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3rd February 2013
Riders: Richard,
Steve, Adam and Terry
Afan Argoed trail centre riding W2 trail
Weather: 4.5°C

So what do you do when the local trails are still waterlogged from a rain-filled 2012 and the rain and snow have continued into 2013? The answer is to head for a trail centre instead.

After a frantic Saturday afternoon making last minute adjustments to the Prince Albert (new Superstar HD Hollowtech II bottom bracket and Superstar 'red' pads) I went to bed early having packed and prepared all my kit for the following morning.

After rising at 5 a.m. and a quick breakfast followed by my daily constitutional Stevo rolled up to the front door at 5-45 a.m. in the Father TED replacement. He loaded the PA onto the tow-bar mounted frame back whilst I dumped my kit in the boot and then it’s round to Adam’s to collect him and Terry (no, they aren't a couple) and four still warm sausage baguettes (no, that’s not a euphemism) which Adam has prepared to keep us going.

From Adam's crib it's a short hop onto the M25 and then the M4 and that big Volvo of Steve's is eating up the miles. It’s a cold, bright morning but most importantly dry on the outskirts of London but this changes as we journey out West.

A quick pee-break just before Wales and we cross the Severn bridge (how much?) in the rain and are rolling up to the original Afan Forest Park Visitor Centre in a light drizzle shortly after 9 a.m. A quick change and we are ready to go; all except Terry that is, who has a case of the trots. But with the tanks emptied we start the W2 Trail at 9-45 a.m.

It’s the first time I’ve ridden this trail and the start is a fast, swooping, fun descent to the tunnel under the road bridge and then a gentle climb to warm up your legs. The main reason for driving 180 miles this morning is to experience the hard-packed all-weather trails and they certainly deliver what they promise. There's plenty of puddles but there's terra firma beneath and it's great to grind out the miles without having to fight your way through six inches of mud the whole way round. Where the surface isn’t hard-packed it’s covered in large slabs of loose sandstone which make a curious clacking sound as you roll over them.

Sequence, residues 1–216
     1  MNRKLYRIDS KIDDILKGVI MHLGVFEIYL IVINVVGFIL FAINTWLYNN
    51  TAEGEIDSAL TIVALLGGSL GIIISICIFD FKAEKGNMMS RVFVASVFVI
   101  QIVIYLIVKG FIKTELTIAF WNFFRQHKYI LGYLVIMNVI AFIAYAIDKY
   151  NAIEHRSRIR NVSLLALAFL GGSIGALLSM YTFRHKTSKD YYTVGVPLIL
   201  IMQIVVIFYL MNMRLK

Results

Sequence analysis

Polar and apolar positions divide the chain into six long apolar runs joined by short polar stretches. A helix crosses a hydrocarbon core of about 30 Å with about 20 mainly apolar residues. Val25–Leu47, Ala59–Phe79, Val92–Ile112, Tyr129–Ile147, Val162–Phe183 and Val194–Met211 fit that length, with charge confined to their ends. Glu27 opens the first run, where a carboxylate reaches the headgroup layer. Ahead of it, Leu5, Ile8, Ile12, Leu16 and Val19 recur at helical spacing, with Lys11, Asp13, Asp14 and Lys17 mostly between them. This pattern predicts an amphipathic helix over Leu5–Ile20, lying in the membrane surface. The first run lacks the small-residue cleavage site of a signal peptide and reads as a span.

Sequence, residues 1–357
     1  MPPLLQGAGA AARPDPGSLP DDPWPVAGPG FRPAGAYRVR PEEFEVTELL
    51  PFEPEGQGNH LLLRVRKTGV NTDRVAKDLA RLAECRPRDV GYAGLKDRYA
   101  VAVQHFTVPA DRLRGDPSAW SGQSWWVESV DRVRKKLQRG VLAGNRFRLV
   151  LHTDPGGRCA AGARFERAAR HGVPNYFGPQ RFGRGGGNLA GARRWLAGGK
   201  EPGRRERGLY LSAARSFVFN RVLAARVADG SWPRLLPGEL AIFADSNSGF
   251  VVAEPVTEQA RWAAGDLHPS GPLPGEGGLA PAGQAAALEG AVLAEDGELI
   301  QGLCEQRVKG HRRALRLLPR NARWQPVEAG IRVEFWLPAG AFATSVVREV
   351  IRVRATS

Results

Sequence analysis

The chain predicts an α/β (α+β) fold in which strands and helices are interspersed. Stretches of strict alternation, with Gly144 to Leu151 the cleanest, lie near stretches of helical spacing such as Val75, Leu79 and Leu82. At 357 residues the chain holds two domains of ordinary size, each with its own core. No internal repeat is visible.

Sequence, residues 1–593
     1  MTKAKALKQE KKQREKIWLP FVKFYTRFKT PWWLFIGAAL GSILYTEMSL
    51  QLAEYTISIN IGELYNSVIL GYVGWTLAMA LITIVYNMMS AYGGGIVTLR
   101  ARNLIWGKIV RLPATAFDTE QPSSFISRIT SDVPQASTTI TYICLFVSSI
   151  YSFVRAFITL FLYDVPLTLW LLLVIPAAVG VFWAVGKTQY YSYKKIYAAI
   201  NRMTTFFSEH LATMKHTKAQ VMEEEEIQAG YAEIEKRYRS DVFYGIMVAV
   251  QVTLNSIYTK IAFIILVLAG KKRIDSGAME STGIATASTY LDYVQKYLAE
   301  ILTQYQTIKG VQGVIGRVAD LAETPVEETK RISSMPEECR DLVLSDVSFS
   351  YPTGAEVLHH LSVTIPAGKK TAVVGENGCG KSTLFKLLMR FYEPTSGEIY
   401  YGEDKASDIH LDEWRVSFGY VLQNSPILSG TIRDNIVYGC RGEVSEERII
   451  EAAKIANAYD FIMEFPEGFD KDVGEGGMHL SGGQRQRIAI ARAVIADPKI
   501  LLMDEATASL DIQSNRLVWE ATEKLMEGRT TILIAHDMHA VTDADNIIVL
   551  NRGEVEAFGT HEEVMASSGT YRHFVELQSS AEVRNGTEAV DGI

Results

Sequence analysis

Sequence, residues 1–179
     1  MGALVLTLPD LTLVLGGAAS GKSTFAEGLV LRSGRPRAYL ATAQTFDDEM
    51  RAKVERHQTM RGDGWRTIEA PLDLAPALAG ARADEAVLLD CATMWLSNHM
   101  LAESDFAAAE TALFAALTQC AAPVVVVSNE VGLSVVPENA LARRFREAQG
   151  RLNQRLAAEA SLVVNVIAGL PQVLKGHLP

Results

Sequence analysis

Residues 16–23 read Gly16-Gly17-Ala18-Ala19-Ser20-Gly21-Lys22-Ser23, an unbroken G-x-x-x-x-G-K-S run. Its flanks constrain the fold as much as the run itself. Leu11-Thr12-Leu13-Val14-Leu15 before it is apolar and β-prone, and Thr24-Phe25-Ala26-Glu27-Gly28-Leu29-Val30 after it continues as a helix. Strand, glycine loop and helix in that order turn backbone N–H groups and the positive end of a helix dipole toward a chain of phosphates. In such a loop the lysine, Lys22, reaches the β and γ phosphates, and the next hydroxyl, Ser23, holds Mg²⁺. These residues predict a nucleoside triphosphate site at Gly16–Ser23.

This is the re-modelled 'Wall' trail which I haven't ridden for years and the trail builders have made the climb much more fun with plenty of technical climbs built to the left of the old fire-road climb.

We head ever upwards via a series of singletrack trails until we hit the wider open moorland trails and fire-roads that take you across the top of the mountain. We move from just being rained on to being fully inside a raincloud up here and visibility is reduced to 20 metres as we make our way across the top.

More singletrack and then we suddenly hit a lovely long section of North Shore which includes small steps, corners and berms which hare much more fun than the normal dead flat North Shore usually encountered at trail centres. Thankfully the shore has been covered in chicken-wire to improve the grip on this damp day.

We are all thoroughly soaked by now and covered head to toe in a gritty paste that's been flung up from the rocky trails. But the rock is very grippy even in the wet and that allows us to hammer down the descents as we drop in to the newer Glyncorrwg Mountain Bike Centre and the Drop Off cafe.

After stripping off my outer layers the first thing I do is to wash my face as we are all being stared at by a group of walkers who clearly think we are insane. Then it’s a massive lunch of a bacon roll and sausage sandwich for me and a chance to try and air out some of our wetter clothes as we relax for forty minutes.

But all too soon Steve is forcing us out into the rain again as he is desperate to tackle the 4.7 km White's Level climb that he had raced up on a previous visit. But as Terry and Adam set the pace with me not too far behind it all goes wrong for Steve as he has endless trouble with his rear brake pistons sticking in the ‘on’ position and he limps up the climb with frequent stops required to remove his rear wheel and prise apart the brake pads. He finally arrives about 15 minutes after the lead pair.

Terry, Adam and I have started to cool down having waited at the top of the climb and my shoes and socks are soaked. Whilst the Woolie Boolie socks are doing a good job of at least keeping my feet warm they are squelching with every pedal stroke and I’m longing to get back and get my feet dry.